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Walt Bialas: DFW’s Office Market—Where Do We Go From Here?

In the last year, average Class A rents are up 5.5 percent, with some locations outpacing this growth rate. The upward rent pressure is also so prevalent that well-located Class B properties, especially in the urban core, are beginning to fetch rents comparable to some lower-A assets.
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Walter Bialas
Walter Bialas

Although the news hasn’t changed much in the last several quarters, it remains relevant because it is what is currently shaping the DFW office market. These dynamics are driving our rent gains across submarkets. For example, in the last year, average Class A rents are up 5.5 percent, with some locations outpacing this growth rate. The upward rent pressure is also so prevalent that well-located Class B properties, especially in the urban core, are beginning to fetch rents comparable to some lower-A assets.

 So, the question arises around the coffee machine almost daily: Where do we go from here? Well, in past boom periods, we saw this kind of growth toward the end of the cycle. What is different this time is that we are in the midst of the expansion period. Although no one’s crystal ball is perfectly clear, the consensus is that we have at least a few more years left before we see any kind of slow down. That means we should be seeing decent rent gains for some time.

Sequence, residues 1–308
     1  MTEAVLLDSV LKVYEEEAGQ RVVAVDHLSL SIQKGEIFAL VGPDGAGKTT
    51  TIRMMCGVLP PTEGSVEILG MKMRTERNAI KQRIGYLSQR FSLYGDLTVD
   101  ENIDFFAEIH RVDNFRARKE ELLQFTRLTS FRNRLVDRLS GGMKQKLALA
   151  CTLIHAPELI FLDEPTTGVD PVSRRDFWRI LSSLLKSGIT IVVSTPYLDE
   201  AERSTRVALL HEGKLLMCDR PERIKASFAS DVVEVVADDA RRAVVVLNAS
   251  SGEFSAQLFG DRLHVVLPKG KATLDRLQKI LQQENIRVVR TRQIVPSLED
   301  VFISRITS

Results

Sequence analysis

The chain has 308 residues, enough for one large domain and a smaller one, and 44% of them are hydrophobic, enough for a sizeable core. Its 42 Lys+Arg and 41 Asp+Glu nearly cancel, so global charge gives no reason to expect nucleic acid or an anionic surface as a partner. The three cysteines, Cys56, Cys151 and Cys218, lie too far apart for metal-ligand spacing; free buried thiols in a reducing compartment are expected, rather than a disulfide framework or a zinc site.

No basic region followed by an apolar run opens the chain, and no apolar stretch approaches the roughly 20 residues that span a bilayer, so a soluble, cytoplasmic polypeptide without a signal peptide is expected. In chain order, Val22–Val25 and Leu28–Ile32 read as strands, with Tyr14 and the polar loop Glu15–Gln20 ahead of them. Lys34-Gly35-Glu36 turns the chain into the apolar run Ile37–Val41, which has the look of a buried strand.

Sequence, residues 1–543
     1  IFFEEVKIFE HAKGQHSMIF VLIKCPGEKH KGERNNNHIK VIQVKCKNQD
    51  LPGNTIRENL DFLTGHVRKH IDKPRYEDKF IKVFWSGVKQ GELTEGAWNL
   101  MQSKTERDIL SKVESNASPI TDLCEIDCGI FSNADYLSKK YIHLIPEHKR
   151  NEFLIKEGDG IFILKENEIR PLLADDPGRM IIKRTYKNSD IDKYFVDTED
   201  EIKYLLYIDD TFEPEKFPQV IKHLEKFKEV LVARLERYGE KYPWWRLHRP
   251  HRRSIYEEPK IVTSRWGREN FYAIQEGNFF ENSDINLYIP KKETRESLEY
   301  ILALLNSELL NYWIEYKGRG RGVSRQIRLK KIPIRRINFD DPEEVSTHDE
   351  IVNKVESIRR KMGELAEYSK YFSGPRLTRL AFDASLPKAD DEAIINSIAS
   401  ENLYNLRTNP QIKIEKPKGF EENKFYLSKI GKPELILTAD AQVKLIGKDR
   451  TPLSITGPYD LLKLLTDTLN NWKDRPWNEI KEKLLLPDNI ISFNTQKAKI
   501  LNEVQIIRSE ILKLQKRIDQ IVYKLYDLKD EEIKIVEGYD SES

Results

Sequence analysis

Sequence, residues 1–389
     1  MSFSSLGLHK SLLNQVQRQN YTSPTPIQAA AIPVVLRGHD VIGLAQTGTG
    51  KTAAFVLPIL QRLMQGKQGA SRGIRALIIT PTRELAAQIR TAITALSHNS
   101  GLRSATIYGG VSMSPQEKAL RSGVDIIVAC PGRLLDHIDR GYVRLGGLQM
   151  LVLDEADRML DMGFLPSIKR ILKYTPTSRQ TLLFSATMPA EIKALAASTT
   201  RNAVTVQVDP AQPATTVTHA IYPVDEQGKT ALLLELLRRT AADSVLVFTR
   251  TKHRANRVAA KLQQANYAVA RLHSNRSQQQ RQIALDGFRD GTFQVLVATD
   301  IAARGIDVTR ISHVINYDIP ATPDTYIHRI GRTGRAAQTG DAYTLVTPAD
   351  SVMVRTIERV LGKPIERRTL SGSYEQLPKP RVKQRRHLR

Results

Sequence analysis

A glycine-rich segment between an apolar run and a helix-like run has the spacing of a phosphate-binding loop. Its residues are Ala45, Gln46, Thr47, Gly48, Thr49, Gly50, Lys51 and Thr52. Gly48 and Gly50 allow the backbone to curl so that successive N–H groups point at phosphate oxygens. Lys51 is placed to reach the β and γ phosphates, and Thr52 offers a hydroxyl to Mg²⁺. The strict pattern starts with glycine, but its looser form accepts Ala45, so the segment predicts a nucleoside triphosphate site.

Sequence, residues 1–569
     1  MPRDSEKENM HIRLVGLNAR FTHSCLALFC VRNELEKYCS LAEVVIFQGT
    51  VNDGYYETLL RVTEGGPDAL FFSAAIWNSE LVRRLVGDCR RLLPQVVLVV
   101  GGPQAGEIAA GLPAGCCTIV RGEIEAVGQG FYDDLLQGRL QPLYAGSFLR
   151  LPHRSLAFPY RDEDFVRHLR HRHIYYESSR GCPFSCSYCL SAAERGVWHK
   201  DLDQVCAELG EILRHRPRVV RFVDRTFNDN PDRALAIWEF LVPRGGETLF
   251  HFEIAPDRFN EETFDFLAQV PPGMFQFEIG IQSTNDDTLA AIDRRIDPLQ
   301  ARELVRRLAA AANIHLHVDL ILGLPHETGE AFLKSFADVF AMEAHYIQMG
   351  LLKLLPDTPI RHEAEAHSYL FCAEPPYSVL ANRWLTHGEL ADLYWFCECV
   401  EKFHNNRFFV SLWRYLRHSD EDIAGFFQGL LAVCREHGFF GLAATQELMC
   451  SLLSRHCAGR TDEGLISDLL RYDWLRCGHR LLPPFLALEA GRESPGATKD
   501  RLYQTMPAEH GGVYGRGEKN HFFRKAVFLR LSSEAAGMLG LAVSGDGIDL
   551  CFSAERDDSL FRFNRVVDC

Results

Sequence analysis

These rent gains are also what is fueling today’s office construction. We are seeing tenants very interested in the new space—and willing to step up to higher rents. In fact, based on our market intel, 61 percent of the space currently under construction in Dallas is pre-leased or a build-to-suit (like Toyota). This broad level of interest is on par with the in-demand “downtown” submarket, and where top-end rents in the new properties are in the high-$40s to low-$50s on a full-service basis.

In the urban core, these rents are causing some existing buildings to consider how they reinvent themselves to remain competitive and maximize rent growth. Let’s call it a “recalibration.”

We delved into this emerging trend in our recent Skyline report, where owners are proactively repositioning better, older assets through strategic capital improvements to common areas and tenant spaces, and also finding way to provide higher parking ratios to meet the needs of today’s user. From a management perspective, these types of considerations are critical in maintaining an asset’s competitive position—both to get tenants to consider your space and hit your rent potential.

Walter Bialas is director of research for JLL in Dallas. Contact him at [email protected]

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